Measles is still a major cause of mortality mainly in developing countries. The causative agent, measles virus (MeV), is an enveloped virus having a nonsegmented negative-sense RNA genome, and belongs to the genus Morbillivirus of the family Paramyxoviridae. One feature of the moribillivirus genomes is that the M and F genes have long untranslated regions (UTRs). The M and F mRNAs of MeV have 426-nucleotide-long 3′ and 583-nucleotide-long 5′ UTRs, respectively. Though these long UTRs occupy as much as ∼6.4% of the virus genome, their function remains unknown. To elucidate the role of the long UTRs in the context of virus infection, we used the reverse genetics based on the virulent strain of MeV, and generated a series of recombinant viruses having alterations or deletions in the long UTRs. Our results showed that these long UTRs per se were not essential for MeV replication, but that they regulated MeV replication and cytopathogenicity by modulating the productions of the M and F proteins. The long 3′ UTR of the M mRNA was shown to have the ability to increase the M protein production, promoting virus replication. On the other hand, the long 5′ UTR of the F mRNA was found to possess the capacity to decrease the F protein production, inhibiting virus replication and yet greatly reducing cytopathogenicity. We speculate that the reduction in cytopathogenicity may be advantageous for MeV fitness and survival in nature.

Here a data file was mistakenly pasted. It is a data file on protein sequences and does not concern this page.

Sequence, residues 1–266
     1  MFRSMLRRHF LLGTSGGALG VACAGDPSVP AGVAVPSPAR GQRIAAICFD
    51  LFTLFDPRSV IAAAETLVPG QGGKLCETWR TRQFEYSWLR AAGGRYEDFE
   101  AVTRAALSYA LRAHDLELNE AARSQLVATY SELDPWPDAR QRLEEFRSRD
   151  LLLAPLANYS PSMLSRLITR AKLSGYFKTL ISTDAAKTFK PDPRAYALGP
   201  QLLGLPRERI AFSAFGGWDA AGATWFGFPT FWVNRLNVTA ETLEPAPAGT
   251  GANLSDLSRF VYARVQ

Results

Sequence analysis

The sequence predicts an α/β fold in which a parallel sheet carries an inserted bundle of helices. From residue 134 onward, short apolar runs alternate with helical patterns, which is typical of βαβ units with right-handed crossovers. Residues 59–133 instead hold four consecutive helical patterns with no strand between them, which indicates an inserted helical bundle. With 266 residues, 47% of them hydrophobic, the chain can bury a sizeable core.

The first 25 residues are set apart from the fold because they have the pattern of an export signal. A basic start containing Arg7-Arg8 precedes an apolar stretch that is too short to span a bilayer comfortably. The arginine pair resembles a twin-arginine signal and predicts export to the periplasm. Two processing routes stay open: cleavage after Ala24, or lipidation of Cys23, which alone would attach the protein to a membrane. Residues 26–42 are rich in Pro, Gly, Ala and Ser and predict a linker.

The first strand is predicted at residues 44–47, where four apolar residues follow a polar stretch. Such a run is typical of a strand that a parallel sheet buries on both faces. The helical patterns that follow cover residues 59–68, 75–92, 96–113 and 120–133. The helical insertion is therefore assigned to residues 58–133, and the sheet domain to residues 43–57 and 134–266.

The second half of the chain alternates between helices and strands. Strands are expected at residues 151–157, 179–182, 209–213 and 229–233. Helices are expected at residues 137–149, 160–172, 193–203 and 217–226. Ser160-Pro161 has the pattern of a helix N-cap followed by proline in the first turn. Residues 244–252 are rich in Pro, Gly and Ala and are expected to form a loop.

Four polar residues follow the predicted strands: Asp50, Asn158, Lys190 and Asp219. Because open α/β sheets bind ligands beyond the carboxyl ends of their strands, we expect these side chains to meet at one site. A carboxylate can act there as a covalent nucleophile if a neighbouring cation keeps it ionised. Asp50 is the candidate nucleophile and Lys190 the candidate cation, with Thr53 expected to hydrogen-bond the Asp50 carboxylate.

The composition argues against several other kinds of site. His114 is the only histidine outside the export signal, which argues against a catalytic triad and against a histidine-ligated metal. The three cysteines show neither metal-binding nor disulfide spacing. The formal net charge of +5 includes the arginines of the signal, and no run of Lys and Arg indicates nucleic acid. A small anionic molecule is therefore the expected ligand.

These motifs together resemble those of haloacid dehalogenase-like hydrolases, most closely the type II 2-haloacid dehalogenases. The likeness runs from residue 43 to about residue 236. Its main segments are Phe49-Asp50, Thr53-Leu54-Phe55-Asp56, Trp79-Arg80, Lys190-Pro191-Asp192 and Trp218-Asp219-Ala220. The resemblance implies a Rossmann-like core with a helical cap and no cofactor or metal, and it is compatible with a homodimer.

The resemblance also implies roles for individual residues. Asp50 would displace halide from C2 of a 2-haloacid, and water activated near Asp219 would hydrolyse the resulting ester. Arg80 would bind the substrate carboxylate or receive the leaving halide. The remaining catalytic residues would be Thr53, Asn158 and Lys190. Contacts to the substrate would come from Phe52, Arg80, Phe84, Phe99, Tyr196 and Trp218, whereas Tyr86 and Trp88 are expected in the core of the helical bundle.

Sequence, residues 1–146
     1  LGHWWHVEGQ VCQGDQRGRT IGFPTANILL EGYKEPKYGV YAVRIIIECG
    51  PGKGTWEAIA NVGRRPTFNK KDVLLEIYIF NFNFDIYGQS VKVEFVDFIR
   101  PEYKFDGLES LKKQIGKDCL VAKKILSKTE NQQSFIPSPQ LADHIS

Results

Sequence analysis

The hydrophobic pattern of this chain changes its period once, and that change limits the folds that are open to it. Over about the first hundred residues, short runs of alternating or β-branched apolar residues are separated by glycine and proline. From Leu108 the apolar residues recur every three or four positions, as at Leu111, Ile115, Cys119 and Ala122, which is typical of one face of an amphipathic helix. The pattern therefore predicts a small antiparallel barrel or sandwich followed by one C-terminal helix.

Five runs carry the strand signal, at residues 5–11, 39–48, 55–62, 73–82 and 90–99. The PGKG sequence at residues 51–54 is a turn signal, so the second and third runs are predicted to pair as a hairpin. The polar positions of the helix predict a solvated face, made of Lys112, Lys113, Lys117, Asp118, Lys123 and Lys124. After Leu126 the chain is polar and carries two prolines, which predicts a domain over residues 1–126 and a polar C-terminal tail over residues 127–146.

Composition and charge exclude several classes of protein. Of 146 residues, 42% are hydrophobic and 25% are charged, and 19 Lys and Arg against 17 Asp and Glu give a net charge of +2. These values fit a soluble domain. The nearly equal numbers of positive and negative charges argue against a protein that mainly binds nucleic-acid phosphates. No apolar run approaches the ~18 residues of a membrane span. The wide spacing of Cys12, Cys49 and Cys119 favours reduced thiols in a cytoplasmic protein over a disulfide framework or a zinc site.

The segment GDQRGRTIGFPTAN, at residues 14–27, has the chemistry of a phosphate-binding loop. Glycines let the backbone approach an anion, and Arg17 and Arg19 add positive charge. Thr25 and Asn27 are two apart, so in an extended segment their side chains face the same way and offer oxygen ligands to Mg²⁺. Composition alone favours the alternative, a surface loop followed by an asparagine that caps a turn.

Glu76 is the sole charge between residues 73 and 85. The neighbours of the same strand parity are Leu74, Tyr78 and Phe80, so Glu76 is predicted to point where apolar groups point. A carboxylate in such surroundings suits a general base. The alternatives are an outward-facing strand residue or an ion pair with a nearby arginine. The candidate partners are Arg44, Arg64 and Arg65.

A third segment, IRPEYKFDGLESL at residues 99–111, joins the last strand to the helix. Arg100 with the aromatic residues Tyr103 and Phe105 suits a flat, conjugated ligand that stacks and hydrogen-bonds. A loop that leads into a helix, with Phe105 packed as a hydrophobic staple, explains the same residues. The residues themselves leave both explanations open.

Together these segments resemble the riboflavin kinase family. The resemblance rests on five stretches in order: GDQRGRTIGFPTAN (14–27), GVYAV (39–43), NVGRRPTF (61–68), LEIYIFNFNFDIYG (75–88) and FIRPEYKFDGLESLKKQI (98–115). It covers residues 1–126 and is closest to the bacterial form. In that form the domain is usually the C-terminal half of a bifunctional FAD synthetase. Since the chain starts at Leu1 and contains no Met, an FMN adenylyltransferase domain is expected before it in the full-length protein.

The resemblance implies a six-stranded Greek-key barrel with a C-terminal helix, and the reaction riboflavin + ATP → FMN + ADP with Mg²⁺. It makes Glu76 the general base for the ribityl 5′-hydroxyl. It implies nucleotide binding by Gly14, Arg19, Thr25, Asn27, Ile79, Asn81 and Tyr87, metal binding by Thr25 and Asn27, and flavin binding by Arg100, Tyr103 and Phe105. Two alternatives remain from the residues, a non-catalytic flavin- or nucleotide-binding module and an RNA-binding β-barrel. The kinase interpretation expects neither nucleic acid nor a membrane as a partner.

|Number of pages
|Journal of virology
|Published - Nov 2005
All Science Journal Classification (ASJC) codes
- Insect Science